Cases Reviews

In-Win’s Chopin – A Concerto in Black

In-Win, known for some time for their creative (but generally unremarkable) SFF designs, has been branching out as of late. From their H and D Frame cases, to more sedate variants, the company has begun to make inroads towards the mainstream market instead of the traditional OEM and system integrator markets.

Today we are looking at the In-Win Chopin, a premium take on the BQ series. This case features an integrated 150w PSU, a mixed aluminium and steel design, and an interesting design element that we may have seen before, which we’ll discuss below.

Specifications

Colour Options Black, Silver
Case Type M-ITX
Case Material Aluminium, SECC
Board Compatibility M-ITX
Expansion Slots None
Front Ports 2x USB 3.0, HD Audio
External Drive Bays None
Internal Drive Bays 2 x 2.5″
Case Dimensions 244mm x 84mm x 217mm
9.6″ x 3.3″ x 8.6″
Case Volume 4.45 Litres
Net Weight 2.2kg / 4.8lb

Unboxing

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The In-Win Chopin comes in a somewhat plain brown cardboard box, with no major hints as to the level of quality or features to be expected.

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On one side, a short spec list is printed, pretty much what I entered into the table above.

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The case is well packed, with medium density foam on each end, and a clear plastic bag protecting the case. The user manual slots neatly into the foam.

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The manual is clear and provides information in various languages, though it’s a little unwieldy as it’s a single piece of paper with no pages! Think a fold out poster.

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The accessory package is simple but satisfactory. A power cable for your region is included; the power supply end of this cable is the clover leaf style, not the kettle lead style you would usually find on a power supply. Also included is a single SATA to 2 x SATA adapter, albeit disappointingly not in all black. The reason for this adapter will become clear later, though. Finally, a small baggy of screws is also included.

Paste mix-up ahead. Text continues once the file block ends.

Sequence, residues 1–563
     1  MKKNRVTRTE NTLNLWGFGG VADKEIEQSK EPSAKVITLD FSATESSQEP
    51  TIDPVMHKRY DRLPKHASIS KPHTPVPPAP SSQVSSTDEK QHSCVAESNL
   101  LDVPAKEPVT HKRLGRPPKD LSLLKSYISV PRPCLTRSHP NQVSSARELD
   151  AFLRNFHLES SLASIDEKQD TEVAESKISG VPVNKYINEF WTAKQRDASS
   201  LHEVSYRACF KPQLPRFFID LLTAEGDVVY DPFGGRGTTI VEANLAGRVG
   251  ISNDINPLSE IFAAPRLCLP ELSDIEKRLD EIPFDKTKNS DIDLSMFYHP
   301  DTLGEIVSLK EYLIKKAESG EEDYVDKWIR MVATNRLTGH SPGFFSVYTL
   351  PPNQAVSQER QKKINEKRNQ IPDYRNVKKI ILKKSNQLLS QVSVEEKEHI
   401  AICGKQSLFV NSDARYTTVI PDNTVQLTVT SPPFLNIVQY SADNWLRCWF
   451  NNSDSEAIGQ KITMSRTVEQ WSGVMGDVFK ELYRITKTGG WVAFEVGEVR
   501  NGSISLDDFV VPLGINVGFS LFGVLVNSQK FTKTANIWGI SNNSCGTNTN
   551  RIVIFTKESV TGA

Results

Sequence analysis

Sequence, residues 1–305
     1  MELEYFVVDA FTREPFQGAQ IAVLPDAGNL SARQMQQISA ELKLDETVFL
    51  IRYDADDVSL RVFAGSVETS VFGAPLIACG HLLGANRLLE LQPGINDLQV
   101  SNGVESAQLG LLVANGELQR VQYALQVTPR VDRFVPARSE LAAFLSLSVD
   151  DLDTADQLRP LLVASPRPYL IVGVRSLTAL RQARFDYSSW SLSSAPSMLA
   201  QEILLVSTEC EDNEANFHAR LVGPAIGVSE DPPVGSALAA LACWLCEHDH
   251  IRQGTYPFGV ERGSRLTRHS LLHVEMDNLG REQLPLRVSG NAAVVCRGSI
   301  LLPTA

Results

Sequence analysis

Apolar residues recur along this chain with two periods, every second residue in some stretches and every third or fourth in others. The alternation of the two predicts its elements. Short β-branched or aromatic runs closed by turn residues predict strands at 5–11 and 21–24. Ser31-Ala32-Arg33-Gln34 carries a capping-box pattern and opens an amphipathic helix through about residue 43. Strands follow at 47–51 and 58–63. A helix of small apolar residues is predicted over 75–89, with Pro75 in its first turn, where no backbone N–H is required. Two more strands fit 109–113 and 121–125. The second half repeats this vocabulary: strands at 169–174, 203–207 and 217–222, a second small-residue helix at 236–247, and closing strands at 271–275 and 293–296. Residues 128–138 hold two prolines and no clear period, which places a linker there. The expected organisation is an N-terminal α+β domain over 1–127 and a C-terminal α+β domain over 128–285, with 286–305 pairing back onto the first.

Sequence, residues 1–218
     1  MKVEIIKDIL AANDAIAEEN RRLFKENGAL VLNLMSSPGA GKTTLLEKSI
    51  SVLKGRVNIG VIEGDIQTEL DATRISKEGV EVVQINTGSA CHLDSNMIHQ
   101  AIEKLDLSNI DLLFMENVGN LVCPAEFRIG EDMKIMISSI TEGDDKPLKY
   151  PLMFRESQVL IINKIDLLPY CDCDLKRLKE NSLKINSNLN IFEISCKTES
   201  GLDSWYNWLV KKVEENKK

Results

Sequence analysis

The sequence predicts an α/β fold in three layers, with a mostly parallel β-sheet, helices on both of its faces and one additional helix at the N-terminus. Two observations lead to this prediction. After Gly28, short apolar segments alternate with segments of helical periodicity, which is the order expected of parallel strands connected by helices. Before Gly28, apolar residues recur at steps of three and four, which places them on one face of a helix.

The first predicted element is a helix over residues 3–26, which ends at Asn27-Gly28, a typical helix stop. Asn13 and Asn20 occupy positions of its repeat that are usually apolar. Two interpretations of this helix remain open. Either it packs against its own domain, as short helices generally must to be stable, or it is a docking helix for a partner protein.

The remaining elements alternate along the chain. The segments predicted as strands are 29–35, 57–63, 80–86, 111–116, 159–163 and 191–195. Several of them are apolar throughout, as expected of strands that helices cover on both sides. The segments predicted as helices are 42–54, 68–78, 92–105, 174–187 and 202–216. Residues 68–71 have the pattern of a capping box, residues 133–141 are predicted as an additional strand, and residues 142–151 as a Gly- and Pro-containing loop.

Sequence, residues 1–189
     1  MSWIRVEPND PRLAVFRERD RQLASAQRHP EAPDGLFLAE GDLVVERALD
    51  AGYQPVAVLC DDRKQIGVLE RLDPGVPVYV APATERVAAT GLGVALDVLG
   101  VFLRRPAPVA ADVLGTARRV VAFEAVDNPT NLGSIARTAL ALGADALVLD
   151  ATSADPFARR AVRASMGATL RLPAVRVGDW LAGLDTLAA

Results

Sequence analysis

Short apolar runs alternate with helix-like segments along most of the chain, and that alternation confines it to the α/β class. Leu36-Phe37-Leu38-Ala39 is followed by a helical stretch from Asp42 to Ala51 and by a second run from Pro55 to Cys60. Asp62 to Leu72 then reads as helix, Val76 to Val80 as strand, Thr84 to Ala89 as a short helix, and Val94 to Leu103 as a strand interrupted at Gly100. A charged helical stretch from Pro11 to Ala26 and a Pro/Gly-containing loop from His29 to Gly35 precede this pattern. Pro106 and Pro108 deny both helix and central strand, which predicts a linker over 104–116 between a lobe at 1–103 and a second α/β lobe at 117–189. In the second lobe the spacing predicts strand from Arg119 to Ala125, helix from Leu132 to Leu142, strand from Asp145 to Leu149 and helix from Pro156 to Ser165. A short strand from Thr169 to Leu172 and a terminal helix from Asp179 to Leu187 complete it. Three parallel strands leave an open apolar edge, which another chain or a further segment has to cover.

The Case

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The case! I went for the black version – and yes, this is for my personal system, rather than as a pure review sample. I even paid real monies for it!

The logo is resplendent in shiny silver, standing out boldly from the black anodised finish of the aluminium shell. Oddly enough, though, the existence of the logo on In-Win products is a bit of a lottery, and I’ve been told by retail staff that quite a few Chopins, as well as other In-Win products, occasionally come logo-less.

In any case, the usual front panel ports are located here on the side, including a power button, 2 x USB 3.0 ports, as well as mic and headphone jacks. The white status LEDs shine through small holes drilled in the aluminium, facing forward.

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The left side of the case has a large mesh screen built into the side panel. The panel itself is retained with a screw, which (once unscrewed) allows the use of the plastic clip. Upon pulling aforementioned clip, the panel can be slid towards the rear of the chassis.

The shape of the aluminium outer shell is also clear in this shot, curving round from the top of the case, down the front, and under the bottom. A slight bump is also present in the bottom of the piece, adding to the feel of it being the “base” of the case. The shell is very reminiscent of another SFF case..

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At the rear of the enclosure, the case is relatively simple, but the first hint is shown as to the internal layout – there is space ‘under’ the board! This does lead to a restriction in CPU cooler height, which is to be expected considering the form factor.

The power supply is located at the bottom of the case, and is of a proprietary design – and thus more difficult to replace, if it fails outside of warranty. Also notable are the various unfinished cutouts for various options that can be added.

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On the right hand side, an In-Win logo is marked in the center, along with simple venting and the same panel retention mechanism as the opposing side.